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Partitions (subdivisions) and other title improvements

Partitioning (subdividing) Māori land

Can I cut my shares out of a block of Māori land?

Te Ture Whenua Māori Act 1993, s 289

Yes. One or more owners of Māori land can separate their shares from the rest and create a separate title. In Māori land law this is called a “partition”. It’s also known as a “subdivision”.

‘Full partition’ is the most common type of partition.

Restrictions on partitioning

Te Ture Whenua Māori Act 1993, s 288(4)

Before it can order a partition, the Māori Land Court needs to be satisfied:

  • that the partitioning is necessary for the land to be effectively operated, developed and used, or
  • that it will give effect to a gift from one of the owners to a member of his or her whānau; and
  • that the applicant has sought and received support from the partition from a sufficient number of owners in the larger block; and
  • that the partition will not unnecessarily risk loss of land outside of ownership by the Māori owners.

You’ll also need to make sure that the area to be partitioned doesn’t restrict access to the rest of the land and also that it won’t take all of the flat or most useable area of the land.

If the land is in an ahu whenua trust, you will also need to apply to the court for an order cancelling the trust over the partition area.

What are the requirements for a full partition?

Te Ture Whenua Māori Act 1993, s 301

A full partition requires subdivision consent from the district council under the Resource Management Act 1991. If the council consents to the partition, it may require a reserve contribution.

What is a reserve contribution?

This is where a part of the land is given to the district council, although sometimes money is contributed instead. A reserve contribution can include:

  • the strip of land formerly known as the Queen’s chain
  • a strip of land to provide for public access
  • land provided for recreational purposes
  • a monetary contribution toward recreational facilities.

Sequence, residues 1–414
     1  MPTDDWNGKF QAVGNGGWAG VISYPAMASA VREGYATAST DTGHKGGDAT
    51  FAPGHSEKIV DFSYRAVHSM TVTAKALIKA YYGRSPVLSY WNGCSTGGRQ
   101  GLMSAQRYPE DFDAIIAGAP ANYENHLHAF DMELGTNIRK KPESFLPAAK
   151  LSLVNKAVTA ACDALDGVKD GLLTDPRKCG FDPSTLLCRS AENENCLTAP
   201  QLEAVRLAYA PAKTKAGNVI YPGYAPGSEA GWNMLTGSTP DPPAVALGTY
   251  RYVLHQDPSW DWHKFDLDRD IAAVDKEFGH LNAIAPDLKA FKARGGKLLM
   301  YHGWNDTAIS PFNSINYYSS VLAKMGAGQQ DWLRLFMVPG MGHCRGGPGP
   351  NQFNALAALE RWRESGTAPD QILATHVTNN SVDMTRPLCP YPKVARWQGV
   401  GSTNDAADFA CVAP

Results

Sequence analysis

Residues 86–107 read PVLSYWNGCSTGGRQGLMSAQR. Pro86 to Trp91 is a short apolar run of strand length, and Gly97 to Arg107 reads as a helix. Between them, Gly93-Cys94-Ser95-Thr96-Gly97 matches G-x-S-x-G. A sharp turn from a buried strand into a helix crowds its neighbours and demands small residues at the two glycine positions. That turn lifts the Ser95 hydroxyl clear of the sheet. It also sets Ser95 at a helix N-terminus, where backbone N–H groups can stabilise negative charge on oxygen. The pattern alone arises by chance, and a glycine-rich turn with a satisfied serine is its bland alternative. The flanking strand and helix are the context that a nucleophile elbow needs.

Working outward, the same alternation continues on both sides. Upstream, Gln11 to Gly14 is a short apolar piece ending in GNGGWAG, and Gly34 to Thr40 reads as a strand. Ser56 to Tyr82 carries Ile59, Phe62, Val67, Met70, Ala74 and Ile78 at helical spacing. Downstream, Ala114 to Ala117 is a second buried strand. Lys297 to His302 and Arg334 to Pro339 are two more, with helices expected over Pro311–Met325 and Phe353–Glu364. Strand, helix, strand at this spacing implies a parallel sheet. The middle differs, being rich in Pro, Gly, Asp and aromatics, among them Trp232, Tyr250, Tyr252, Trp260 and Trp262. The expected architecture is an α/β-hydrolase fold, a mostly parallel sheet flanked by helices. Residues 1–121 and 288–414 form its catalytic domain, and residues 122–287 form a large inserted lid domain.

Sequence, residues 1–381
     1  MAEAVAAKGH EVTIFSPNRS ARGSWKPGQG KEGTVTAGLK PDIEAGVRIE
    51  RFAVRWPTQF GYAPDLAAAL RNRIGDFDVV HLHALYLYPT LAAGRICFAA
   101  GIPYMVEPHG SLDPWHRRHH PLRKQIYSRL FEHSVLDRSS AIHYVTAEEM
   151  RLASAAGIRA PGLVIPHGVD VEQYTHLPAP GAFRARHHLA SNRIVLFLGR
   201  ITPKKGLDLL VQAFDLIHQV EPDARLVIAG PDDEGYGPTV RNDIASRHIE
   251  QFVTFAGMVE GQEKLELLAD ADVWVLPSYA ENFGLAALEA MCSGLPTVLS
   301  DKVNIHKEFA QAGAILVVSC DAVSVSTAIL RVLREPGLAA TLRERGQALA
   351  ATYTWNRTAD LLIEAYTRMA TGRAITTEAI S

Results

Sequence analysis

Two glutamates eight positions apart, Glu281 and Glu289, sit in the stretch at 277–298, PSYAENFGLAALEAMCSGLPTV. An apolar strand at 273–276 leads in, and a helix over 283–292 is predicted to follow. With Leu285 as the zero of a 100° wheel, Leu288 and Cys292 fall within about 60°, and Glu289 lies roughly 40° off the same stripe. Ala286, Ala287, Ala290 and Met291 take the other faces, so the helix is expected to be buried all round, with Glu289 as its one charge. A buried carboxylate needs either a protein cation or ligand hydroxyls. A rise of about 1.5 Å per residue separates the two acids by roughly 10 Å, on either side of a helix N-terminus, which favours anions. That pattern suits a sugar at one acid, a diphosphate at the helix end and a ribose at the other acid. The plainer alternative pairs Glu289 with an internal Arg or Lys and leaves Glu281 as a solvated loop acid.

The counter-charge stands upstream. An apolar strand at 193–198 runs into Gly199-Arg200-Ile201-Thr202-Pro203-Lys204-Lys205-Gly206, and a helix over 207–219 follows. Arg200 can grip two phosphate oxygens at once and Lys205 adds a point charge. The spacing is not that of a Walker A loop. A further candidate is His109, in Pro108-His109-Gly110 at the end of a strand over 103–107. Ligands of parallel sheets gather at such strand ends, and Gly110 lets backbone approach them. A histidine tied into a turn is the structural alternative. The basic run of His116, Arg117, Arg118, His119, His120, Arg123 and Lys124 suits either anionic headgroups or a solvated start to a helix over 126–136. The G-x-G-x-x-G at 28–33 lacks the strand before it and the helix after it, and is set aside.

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Māori land

Where to go for more support

Community Law

Your local Community Law Centre can provide you with free initial legal advice.

Find your local Community Law Centre online:

Māori Land Court

See the Māori Land Court website for application forms and information about Māori Land and the court’s role and processes.

Website: www.maorilandcourt.govt.nz
Download application forms online: www.maorilandcourt.govt.nz/our-application-process/come-in-apply-to-the-court/application-forms
Download information booklets online: www.maorilandcourt.govt.nz/about-mlc/publications
View the National Pānui online or subscribe online: www.maorilandcourt.govt.nz/national-panui

Ngāi Tahu Māori Law Centre

The Ngāi Tahu Māori Law Centre assists all Ngāi Tahu and all Māori living within the Ngāi Tahu rohe on Māori land law issues.

Website: www.ngaitahulaw.org.nz
Email: info@ngaitahulaw.org.nz
Phone: 0800 626 745

Pātaka Whenua

Pātaka Whenua is the new online customer portal that replaced Māori Land Online. This customer portal gives you the ability to submit an enquiry, access Māori land information and file a Court application.

Website:  www.customer.service.maorilandcourt.govt.nz
View the user guides on Pātaka Whenua online: www.māorilandcourt.govt.nz/contact-us/pātaka-whenua-our-new-online-portal

In the future you will be able to search for documents including Minutes and Orders. Until this is available online, you can access this information by emailing mlctewaharoa@justice.govt.nz or visiting your local Māori Land Court office.

Te Tumu Paeroa: Office of the Māori Trustee

Te Tumu Paeroa provide professional trustee services where the Māori Trustee has been appointed a role on a Māori Land Trust.

Website: www.tetumupaeroa.co.nz
Email: contact@tetumupaeroa.co.nz
Phone: 0800 943 682

Inland Revenue Department, Kaitakawaenga Māori service

Kaitakawaenga Māori provides support to any Māori individual or business wanting tax information, advice or training.

Website: www.ird.govt.nz/contactus/kaitakawaenga-maori

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